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Sadness, loneliness, and occasional depression are experienced by everyone at some point in their lives. Feeling sad or depressed can occur as a result of a break-up, work stress, financial problems, general struggles of life and is a normal reaction to grief and loss. These feelings come and go, and typically, there is a source or reason for the depression that we can identify. Conversely, when a low mood and certain accompanying symptoms become the norm, and last for more than two weeks, it may be indicative of clinical depression.
A diagnosis of depression requires that there be several persistent symptoms along with a low mood that are present for at least two weeks. Not everyone will experience every symptom; some may have a few, while others will have many. The symptoms can be severe or mild and can vary based on the stage of depression.
According to the National Institute of Mental Health, symptoms of depression include
Feeling sad, empty, or anxious
Ongoing aches and pains, digestive problems, and headaches that don’t ease with treatment and have no known cause
Appetite loss or eating too much, including a 5% bodyweight loss or gain over a month’s time
Suicide attempts or thoughts of suicide
Anger, irritability, short temperedness and everything and everyone getting on your nerves
Loss of interest in activities you once enjoyed, even sex
Restlessness and irritability
Insomnia or excessive sleeping
Feelings of pessimism and hopelessness
Feelings of helplessness, worthlessness, or guilt
Fatigue and significant loss of energy
Restlessness and restless behavior such as the inability to sit still
Problems concentrating, making decisions, or remembering details
If you suspect that you have depression, it is time to seek medical help. Depression is certainly treatable and doctors have various options at their disposal. If left untreated, depression may get worse, and can last for several months or years to cause major suffering, a reduced quality of life, and may even lead to suicide. More than 10% of people with depression commit suicide.
There are various mental health screenings to diagnose depression and the type of depression you may have. Typically, depression is treated with psychotherapy or antidepressant medications and often both avenues may need to be utilized for successful treatment outcomes.
Can Coffee Really Help You Stay Focused?
There have been many studies about the effects of coffee on productivity. Caffeine is the main source of effects experienced, as it is a stimulant—this means that it kicks our nervous system up a notch and is thus a good facilitator of focus. Two ways it does this by increasing your levels of alertness and mental performance.
Though its benefits are substantial, use caution to monitor your coffee intake. On the flip side, too much can be counterproductive towards your goals and inhibit cognitive abilities rather than improve on them.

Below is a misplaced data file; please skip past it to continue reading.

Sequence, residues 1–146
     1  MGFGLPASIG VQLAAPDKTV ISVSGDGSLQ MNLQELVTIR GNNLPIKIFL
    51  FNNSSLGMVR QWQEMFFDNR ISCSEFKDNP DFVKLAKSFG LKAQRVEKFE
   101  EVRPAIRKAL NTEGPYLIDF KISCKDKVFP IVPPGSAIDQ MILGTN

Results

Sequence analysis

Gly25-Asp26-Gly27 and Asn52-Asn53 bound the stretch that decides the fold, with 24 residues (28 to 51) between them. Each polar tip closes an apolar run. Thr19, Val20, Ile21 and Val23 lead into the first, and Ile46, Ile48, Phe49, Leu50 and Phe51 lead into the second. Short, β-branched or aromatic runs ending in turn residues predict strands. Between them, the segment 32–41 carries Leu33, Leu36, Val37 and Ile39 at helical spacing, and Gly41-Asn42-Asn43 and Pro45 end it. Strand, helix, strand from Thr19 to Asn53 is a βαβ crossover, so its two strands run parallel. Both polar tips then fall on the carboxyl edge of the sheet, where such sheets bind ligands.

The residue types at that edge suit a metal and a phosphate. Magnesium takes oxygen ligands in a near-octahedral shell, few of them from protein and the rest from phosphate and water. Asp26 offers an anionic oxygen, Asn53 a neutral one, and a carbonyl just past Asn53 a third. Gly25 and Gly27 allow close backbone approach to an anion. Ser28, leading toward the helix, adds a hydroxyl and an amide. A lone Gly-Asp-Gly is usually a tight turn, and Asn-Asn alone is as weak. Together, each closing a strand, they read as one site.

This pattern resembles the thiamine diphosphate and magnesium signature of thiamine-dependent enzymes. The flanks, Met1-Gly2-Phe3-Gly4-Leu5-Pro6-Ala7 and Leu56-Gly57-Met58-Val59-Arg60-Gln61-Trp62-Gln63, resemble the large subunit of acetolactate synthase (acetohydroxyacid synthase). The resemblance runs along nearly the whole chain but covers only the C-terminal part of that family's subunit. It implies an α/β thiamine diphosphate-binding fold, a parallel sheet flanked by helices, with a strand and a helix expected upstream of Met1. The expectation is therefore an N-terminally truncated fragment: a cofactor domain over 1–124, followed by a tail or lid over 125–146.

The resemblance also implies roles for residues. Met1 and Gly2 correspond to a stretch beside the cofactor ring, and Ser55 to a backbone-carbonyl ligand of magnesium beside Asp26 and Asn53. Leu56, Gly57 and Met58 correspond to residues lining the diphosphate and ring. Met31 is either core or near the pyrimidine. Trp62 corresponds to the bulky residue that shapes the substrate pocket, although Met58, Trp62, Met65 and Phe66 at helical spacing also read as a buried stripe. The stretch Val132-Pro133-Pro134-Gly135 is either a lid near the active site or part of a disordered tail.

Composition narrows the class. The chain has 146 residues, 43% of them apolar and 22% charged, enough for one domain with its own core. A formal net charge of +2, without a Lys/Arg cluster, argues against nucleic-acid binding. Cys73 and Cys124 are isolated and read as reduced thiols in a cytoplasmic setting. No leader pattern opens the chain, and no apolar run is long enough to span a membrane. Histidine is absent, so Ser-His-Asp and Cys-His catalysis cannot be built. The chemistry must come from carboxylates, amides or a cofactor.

Mental Performance and Alertness
Some tasks are just plain tedious; there’s no way around it. Going through this process can make you feel sluggish and decrease patience throughout the day, and sometimes a cup of coffee is just what you need to reorient yourself.
Studies assert that caffeine can improve concentration and attention. This is especially useful in times when you are:
Experiencing a midday lag
Experiencing lack of sleep
Performing extended repetitive tasks
Working at night
Because your attention span wanes throughout the day, sometimes a cognitive boost is needed to power through it. One or two (depending on your tolerance) cups of coffee can not only renew your focus, but also improve on mental acuity. This means that you can continue to be effective and thorough, even when a day drags on.
Be wary, though, as too much caffeine can cause jitteriness and actually impair your productivity. Moderating your coffee intake, such as limiting yourself to 2 or 3 cups daily, is an easy way to make sure you don’t overdo it and experience a crash later on.
As a stimulant, the caffeine in coffee actually blocks brain receptors related to fatigue. In reasonable amounts it can be a great way to increase cognitive abilities, including:
Self-control and willpower
Attention and concentration
When You’ve Had Too Much
Conversely, drinking excess amounts of coffee can be detrimental. Caffeine as a stimulant is good in small amounts, but too much has the opposite effect.
Sleep patterns, for example, are strongly impacted by caffeine intake. Too much coffee late in the day may make it harder to fall asleep. It can also cause a decline in sleep quality and quantity, which increases your need for caffeine during the day—this can become a vicious cycle.
The consequences of this cycle wreak havoc physiologically. Some of these impairments are:
Elevated blood pressure
Higher risk of “crashing”
This is when the caffeine in your brain wears off
You are often left with less energy than when you began
In moderation, coffee can be great for productivity. It increases cognitive functions and alertness to maximize your daily output. However, too much can cause significant problems. As long as you monitor consumption, caffeine can be a useful tool for success.
Two fabulous packages, available to help you improve your focus...